Svaneti – There are 3 main regions to visit Georgia’s Great Caucasus: Svaneti, Kazhbegi, and Tusheti. At the moment, I’m drawn towards Svaneti because it seems to strike that fine balance between ease of getting there (not the easiest among the 3, but not the hardest either) and remoteness (pretty remote). These mountainous regions offer trekking opportunities among mighty peaks and Svan traditional villages.

For those who are interested, I found this site that has a list of treks one can do in Svaneti.


Armenia by Retlaw Snellac
Armenia by Retlaw Snellac

Known for its monasteries and forts, as well as its horrible past – I jumped on an opportunity to visit this country when I realised how easy and established the Tblisi – Yerevan route is.

Yerevan (capital) – So far my plan for Armenia is to go to Yerevan and use it as a base while I take day trips to visit the surrounding monasteries and sites.

I’m leaving in a few days and I’m filled with that pre-departure high, a mixture of excitement and (mostly) anxiety. I have no idea how I’m going to concentrate to get all the work I need to finish before I leave. Eeeek!

I hope you come along on this journey. I’ll be sharing pics and stories through my usual channels: Facebook and Gplus.

I have a feeling this will be my most adventurous solo trip just yet.

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19 Replies to “Summer Recap and Upcoming Itinerary: Turkey, Georgia, and Armenia”

  1. I have enjoyed following your summer adventures and looking forward to a fun-filled Fall trip. This sounds like a dream itinerary especially the Cappadocia part. I don't know or have read any blog posts on Georgia and Armenia so I'm very curious of these two countries. Wishing you safe travels, Jill. Looking forward to the posts and pictures.
    My recent post A Step Back In Time at the Roman Baths England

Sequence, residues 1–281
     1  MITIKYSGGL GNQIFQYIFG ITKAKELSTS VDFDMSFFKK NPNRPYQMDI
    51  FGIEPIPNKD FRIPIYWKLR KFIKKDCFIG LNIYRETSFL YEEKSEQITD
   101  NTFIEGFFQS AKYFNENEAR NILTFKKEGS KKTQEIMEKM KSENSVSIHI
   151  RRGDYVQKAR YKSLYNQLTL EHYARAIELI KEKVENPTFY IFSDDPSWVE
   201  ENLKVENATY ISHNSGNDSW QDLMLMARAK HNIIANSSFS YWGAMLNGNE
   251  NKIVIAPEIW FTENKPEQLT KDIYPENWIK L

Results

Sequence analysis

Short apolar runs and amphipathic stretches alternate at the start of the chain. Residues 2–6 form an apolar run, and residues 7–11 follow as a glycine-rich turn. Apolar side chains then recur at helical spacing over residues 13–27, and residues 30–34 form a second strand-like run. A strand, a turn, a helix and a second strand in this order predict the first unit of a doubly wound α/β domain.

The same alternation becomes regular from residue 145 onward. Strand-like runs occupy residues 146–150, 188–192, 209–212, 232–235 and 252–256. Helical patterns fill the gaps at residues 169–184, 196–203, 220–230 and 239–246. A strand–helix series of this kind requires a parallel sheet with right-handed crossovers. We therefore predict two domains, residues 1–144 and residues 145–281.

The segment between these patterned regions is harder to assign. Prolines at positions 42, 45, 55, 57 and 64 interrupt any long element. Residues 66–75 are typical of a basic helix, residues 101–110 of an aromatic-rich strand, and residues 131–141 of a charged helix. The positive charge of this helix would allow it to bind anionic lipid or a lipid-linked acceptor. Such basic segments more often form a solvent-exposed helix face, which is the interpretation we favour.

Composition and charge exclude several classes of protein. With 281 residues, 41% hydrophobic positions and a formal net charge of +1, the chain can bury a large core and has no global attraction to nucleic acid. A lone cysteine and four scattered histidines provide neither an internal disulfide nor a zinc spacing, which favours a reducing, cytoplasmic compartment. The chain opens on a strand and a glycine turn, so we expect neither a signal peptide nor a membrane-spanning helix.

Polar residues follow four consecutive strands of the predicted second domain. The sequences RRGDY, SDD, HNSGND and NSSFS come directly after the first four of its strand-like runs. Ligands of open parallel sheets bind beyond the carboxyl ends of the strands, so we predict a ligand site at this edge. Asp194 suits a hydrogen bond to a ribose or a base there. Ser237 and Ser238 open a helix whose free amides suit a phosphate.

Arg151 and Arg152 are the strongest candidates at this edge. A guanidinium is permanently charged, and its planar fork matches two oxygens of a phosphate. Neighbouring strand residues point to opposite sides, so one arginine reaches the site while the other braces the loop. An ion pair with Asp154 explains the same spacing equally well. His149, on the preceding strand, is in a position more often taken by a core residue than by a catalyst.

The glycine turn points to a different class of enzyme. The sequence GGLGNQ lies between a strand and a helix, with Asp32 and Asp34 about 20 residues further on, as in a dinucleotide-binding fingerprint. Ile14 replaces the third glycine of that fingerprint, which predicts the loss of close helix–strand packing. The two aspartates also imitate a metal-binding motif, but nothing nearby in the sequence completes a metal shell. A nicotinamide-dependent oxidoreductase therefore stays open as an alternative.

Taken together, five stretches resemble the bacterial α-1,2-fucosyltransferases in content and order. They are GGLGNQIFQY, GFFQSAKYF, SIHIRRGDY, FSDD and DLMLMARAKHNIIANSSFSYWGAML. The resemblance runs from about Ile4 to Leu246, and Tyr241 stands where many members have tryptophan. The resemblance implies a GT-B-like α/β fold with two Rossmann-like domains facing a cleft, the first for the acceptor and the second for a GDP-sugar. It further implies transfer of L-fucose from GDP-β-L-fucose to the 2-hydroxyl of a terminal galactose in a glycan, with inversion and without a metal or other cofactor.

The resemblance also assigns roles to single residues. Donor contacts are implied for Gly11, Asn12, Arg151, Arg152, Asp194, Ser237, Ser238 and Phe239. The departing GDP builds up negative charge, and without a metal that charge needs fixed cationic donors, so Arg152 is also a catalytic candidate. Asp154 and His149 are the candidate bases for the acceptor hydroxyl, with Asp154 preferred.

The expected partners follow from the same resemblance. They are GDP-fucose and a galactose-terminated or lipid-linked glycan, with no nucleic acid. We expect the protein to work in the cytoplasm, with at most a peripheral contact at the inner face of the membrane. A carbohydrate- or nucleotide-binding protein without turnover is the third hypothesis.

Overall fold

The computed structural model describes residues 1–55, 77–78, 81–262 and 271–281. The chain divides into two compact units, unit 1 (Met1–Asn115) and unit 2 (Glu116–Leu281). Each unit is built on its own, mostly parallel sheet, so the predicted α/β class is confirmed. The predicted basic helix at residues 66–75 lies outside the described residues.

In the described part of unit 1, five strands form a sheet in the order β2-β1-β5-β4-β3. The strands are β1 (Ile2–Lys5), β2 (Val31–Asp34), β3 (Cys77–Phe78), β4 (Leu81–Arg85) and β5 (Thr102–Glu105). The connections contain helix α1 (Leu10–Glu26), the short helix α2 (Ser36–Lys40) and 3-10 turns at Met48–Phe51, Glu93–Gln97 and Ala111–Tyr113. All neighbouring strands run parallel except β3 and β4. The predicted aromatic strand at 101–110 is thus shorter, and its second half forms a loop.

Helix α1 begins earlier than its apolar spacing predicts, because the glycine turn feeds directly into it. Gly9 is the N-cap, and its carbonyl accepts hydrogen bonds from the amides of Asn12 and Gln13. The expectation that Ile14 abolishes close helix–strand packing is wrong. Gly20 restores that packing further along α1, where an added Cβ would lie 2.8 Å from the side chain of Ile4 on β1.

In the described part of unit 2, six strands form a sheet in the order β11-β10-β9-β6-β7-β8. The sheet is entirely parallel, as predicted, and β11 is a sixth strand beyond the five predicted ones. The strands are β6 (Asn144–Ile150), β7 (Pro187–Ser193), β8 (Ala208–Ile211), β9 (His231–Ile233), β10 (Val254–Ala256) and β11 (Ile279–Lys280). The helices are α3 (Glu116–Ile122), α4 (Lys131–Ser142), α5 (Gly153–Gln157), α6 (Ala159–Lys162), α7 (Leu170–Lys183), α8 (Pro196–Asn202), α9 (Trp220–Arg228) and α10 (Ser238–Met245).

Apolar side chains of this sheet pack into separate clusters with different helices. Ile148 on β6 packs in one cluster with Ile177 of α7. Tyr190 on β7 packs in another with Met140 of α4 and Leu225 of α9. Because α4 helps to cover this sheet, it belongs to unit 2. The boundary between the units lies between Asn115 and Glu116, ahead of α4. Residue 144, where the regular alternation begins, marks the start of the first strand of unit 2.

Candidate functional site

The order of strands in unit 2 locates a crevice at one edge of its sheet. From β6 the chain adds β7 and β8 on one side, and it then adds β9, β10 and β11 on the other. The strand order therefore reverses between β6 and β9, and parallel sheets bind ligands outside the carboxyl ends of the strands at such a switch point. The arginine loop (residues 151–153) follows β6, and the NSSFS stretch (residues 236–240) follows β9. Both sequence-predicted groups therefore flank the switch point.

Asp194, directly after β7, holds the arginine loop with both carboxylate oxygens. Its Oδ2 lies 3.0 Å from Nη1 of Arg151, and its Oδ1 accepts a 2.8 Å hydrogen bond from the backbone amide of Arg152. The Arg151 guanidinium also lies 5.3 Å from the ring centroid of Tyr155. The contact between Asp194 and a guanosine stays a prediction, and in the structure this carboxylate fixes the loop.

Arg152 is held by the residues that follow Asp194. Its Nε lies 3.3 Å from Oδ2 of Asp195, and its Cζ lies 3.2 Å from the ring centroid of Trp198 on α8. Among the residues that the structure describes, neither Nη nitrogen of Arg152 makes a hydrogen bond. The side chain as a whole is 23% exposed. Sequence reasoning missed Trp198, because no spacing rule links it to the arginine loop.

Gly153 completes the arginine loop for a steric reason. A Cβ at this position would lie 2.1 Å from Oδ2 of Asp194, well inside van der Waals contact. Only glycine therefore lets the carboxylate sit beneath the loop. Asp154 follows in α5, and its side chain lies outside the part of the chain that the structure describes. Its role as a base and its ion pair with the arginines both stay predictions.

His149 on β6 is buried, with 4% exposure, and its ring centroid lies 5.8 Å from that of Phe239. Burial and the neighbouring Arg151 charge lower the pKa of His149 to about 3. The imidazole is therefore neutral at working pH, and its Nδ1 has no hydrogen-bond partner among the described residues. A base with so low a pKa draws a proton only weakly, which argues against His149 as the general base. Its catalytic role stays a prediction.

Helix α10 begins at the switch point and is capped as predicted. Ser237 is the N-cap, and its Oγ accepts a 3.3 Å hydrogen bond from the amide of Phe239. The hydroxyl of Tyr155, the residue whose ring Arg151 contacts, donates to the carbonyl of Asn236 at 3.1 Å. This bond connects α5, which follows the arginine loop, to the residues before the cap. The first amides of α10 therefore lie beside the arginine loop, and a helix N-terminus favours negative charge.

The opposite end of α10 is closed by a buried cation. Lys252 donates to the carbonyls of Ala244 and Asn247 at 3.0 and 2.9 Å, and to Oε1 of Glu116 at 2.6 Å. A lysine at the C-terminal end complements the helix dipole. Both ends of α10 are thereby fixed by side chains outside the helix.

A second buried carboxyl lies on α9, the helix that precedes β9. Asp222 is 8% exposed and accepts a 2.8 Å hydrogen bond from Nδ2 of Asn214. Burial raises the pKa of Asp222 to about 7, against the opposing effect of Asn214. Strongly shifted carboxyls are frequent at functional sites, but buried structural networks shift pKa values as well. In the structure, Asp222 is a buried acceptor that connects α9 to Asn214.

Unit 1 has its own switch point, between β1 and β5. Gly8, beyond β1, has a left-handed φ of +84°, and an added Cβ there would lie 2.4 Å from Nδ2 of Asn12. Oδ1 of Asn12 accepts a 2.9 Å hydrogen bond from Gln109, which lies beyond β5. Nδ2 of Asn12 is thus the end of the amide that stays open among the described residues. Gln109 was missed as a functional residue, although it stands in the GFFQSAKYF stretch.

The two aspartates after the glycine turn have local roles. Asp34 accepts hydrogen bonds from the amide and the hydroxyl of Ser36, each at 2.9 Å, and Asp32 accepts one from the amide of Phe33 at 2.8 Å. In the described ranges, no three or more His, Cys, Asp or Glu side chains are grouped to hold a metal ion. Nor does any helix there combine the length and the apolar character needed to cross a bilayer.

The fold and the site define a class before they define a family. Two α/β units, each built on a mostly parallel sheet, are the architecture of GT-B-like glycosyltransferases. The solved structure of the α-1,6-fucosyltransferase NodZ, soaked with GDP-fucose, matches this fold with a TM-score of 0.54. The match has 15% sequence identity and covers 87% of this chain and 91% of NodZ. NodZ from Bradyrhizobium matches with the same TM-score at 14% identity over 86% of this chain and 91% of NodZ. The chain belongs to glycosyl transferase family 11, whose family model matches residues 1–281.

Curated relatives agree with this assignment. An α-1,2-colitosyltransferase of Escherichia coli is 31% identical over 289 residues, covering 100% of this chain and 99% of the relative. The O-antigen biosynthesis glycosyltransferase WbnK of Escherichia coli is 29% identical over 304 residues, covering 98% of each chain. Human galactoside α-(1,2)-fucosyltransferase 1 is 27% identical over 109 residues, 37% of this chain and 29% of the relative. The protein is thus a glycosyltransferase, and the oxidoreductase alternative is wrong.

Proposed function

1. Honestly I have this list of countries that allow Indonesian passport holders to enter without a visa, and I'm just going down that list 🙂 (I'm not that picky) – that and having them border Turkey, a country I've always wanted to visit, seals the deal.

  2. I'm excited for you! Turkey was one of the most interesting places I've traveled and top on the list of places I'd like to go back to and see more of. My favorite was a little hiking village, called Ayder in the mountains above the Black Sea.
    Have fun!!
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  3. What a great itinerary you have coming up. I know what you mean about the combo of excitement and anxiety. That's one of the bonuses of taking a trip like this. You feel so accomplished once you conquer that anxiety. I am looking so forward to reading about your adventures.

  4. Your trip sounds incredible! I will be reading along with interest – especially for Turkey for this trip, but Georgia and Armenia could become new contenders for the next one…

  5. Georgian food is spectacular, by the way. I could go on and on about it, but just don't miss it. It has all the fancy spices of the middle east, but was cut off from everything, being way up in the mountains, and developed all its own dishes that have nothing to do with anything around it. So good. SO GOOD.

  6. This will be definitely your most adventurous solo trip; it has been for me. After returning from Georgia and Armenia, I thought that this trip makes South America easy. My biggest challenge was the fact that I couldn't read the script. I didn't mind not being able to speak the language, but I suppose not being able to read the signs made me feel almost blind.
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  7. Jill, this Storm over Mono Lake photo is so powerful! Very dramatic colors.
    Enjoy you trip and take more pics in Turkey, Georgia, and Armenia. I haven’t been to any of these countries… Can’t wait for your updates.